Gabriel Valdez found himself an empty table at the Petro Stopping Center off Exit 161, Interstate 40, just east of Little Rock Arkansas, where he could eat his breakfast.
So, what are we having this fine morning? Sausage and eggs? Biscuits and gravy? Maybe some Texas-style French toast buried in powdered sugar and whipped cream?
Nope. Valdez was starting his day with fish, vegetables and brown rice.
“I do that every day,” he said. “My wife cooks fish for me, I wrap it up in foil. At Walmart they have little cups of rice, different styles of brown rice. And then I buy a bag of vegetables. I have vegetables, rice and fish every day.
“I mean, every once in a while, don’t get me wrong, I’ll scarf down a burger or a hot dog,” he adds. Sure, a guy has to live a little. His discipline is still admirable.
Then he explains it isn’t just his health he’s thinking about, it’s his wallet’s health, too. It just so happens that he likes fish, rice and vegetables, but part of the reason it’s his go-to meal is that restaurant food adds up.
“I’m here to make money, not spend it,” he said.
Valdez’s rationale for his choice of breakfast is sort of symbolic of his choice of career. He became a driver about a year ago at the age of 41. And while he’s found the job suits him, it was the prospect of making way more money than he was before that convinced him to get his CDL and start driving.
“I used to be in the customer service business until I just got tired of corporate America,” he said. “I was getting paid a good amount hourly, but it wasn’t cutting it, breaking my back, all this overtime just to try to make ends meet.
“I don’t know why I waited so long.”
Valdez’s father was an owner-operator for 40 years. His brother is nearing 25 years as an owner-operator. When he decided he was ready for a career change, his dad gave him an obligatory fatherly warning that trucking isn’t for everyone, but they were both supportive. Valdez is hoping in a couple of years he’ll save enough to fully follow the family tradition and be an owner-operator, too.
Currently, Valdez, who hails from the west Texas town of El Paso, drives for Mesilla Valley Transportation, hauling “dry goods, automotive parts, paper, all types of freight: throughout the U.S. and into Canada.”
As with so many drivers, Valdez says seeing the country is one of the best parts of the job. A few places have stood out so far — Cheyenne, Wyoming; the Denver area; parts of Tennessee, where he would be later that day; Portland, Oregon, where he’d just been.
So, of all the landscapes America has to offer, the mountains, the prairies, the deserts, the coastlines, is there one area that has stood out so far?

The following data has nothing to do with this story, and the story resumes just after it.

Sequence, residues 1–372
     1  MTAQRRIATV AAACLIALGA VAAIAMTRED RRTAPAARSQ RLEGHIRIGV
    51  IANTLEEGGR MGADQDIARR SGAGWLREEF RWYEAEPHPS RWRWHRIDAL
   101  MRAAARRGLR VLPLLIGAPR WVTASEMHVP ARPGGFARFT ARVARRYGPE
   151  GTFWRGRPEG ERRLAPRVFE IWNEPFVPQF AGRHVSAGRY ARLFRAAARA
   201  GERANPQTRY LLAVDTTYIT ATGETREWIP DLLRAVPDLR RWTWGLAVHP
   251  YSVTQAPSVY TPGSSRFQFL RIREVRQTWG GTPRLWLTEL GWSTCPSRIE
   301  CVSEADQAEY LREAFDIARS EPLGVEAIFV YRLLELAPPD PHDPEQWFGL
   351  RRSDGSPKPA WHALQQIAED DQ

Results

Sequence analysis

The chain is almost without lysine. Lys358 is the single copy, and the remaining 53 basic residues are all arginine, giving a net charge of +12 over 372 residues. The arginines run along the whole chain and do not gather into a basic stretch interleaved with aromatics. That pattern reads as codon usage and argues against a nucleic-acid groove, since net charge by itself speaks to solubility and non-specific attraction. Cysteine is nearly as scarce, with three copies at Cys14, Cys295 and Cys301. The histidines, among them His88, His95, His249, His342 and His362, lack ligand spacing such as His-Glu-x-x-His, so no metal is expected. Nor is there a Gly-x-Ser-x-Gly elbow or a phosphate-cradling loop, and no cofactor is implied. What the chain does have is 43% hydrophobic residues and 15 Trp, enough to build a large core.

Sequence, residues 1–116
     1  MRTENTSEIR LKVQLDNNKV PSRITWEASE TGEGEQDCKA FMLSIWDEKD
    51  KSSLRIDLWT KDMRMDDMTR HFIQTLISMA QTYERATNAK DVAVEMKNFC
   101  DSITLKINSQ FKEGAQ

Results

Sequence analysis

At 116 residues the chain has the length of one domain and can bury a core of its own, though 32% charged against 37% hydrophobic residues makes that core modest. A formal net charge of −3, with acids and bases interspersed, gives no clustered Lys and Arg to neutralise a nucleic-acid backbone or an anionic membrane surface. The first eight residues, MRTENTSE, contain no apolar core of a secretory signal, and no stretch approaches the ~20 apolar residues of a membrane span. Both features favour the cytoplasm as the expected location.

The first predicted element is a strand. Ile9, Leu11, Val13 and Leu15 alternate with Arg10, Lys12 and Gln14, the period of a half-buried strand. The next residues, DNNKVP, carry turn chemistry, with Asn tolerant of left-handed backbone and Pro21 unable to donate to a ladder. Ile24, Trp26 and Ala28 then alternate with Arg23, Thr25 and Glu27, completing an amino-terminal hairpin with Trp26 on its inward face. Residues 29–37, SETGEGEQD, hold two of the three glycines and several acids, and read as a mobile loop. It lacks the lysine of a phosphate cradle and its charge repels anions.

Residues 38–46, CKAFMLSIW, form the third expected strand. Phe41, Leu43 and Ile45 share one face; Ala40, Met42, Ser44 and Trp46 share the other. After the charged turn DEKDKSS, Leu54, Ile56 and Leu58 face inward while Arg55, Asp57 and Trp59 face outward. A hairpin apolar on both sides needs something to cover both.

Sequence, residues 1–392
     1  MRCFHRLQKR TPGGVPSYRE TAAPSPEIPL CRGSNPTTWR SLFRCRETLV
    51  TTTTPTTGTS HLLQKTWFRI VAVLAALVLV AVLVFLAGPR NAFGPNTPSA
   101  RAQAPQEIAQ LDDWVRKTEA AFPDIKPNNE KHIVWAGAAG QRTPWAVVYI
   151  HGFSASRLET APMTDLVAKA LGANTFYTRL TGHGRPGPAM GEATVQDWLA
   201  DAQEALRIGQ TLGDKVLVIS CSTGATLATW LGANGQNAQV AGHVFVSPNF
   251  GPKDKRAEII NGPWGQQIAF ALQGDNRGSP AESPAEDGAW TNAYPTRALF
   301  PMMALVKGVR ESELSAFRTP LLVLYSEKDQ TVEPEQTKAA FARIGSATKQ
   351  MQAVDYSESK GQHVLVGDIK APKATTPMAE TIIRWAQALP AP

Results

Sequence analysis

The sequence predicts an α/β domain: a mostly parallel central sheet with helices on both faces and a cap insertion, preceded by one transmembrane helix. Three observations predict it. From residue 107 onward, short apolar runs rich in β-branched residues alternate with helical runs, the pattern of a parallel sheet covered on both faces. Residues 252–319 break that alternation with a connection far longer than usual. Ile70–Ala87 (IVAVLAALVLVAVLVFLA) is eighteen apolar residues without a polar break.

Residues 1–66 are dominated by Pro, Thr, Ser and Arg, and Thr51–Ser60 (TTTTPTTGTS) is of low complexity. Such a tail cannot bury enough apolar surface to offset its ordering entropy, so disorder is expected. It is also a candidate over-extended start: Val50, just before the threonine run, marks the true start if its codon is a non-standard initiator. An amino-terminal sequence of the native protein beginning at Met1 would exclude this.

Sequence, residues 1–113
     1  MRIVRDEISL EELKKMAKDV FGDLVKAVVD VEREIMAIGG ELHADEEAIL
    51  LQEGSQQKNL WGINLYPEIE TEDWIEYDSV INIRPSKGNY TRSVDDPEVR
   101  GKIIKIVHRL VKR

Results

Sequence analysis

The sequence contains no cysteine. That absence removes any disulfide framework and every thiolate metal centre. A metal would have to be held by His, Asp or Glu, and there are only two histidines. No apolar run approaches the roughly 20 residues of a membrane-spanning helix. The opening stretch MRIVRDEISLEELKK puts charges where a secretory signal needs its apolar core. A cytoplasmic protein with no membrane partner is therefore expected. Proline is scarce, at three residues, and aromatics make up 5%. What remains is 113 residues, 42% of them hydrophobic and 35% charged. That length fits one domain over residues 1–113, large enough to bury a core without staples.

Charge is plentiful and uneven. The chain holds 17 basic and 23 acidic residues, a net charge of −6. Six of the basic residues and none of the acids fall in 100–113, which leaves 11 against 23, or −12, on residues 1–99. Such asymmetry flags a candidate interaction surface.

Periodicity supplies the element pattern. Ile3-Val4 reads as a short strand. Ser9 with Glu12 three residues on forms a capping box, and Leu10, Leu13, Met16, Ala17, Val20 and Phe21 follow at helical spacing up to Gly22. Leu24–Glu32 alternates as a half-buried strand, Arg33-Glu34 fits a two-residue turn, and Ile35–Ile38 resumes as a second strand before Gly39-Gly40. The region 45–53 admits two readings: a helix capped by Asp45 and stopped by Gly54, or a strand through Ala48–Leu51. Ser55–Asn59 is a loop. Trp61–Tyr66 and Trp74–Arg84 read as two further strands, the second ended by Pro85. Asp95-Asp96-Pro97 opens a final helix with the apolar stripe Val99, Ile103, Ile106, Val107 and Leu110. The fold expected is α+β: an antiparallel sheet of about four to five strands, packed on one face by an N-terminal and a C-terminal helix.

Without hesitation, he answered: St. Louis.
That’s a first. But, yeah, he “fell in love with St. Louis,” he said, “the scenery downtown, the arch, the ballpark. I can see myself walking through there having a nice tall beer, you know?”
All of Missouri is nice, he said, especially the green, rolling hills.
His complaints about the driving life are nothing out of the ordinary. Valdez team drives, and he says he hasn’t gotten used to trying to sleep in a moving vehicle.
And he and his wife, Maribel, still haven’t gotten used to his being away so much. “I guess she’s having a little trouble not seeing me on a daily basis,” he said. “Sometimes we’ll go two weeks without seeing each other. But for the most part, we went into this knowing that’s what it’s going to be.”
His sons, Kevin, Abraham and Anthony, are grown and pretty much on their own, but he and Maribel have a daughter, Gabby, who’s 2 and is starting to catch on to daddy’s absences.
“This last time, just as I was about to say ‘bye,’ she knew it was time to say ‘bye.’ She got up, got her hugs and kisses and just went off. But she knew something was up, you know what I mean?”
Well, summer will be here soon. He can take some vacation time, pack up the family, drive up from El Paso, show the family the scenery and take in a Cardinals’ game.
Fish for breakfast, leisurely strolls in St. Louis — it’s all a matter of taste, and the man knows what he likes.
Klint Lowry has been a journalist for over 20 years. Prior to that, he did all kinds work, including several that involved driving, though he never graduated to big rigs. He worked at newspapers in the Detroit, Tampa and Little Rock, Ark., areas before coming to The Trucker in 2017. Having experienced such constant change at home and at work, he felt a certain kinship to professional truck drivers. Because trucking is more than a career, it’s a way of life, Klint has always liked to focus on every aspect of the quality of truckers’ lives.